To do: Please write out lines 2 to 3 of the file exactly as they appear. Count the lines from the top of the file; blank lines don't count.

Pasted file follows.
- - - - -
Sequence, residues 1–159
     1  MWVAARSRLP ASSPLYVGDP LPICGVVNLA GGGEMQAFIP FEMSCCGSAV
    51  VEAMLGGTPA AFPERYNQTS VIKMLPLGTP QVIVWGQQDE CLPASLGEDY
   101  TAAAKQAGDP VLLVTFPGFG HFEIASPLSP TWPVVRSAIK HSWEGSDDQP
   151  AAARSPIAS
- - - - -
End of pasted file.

     1  MWVAARSRLP ASSPLYVGDP LPICGVVNLA GGGEMQAFIP FEMSCCGSAV
    51  VEAMLGGTPA AFPERYNQTS VIKMLPLGTP QVIVWGQQDE CLPASLGEDY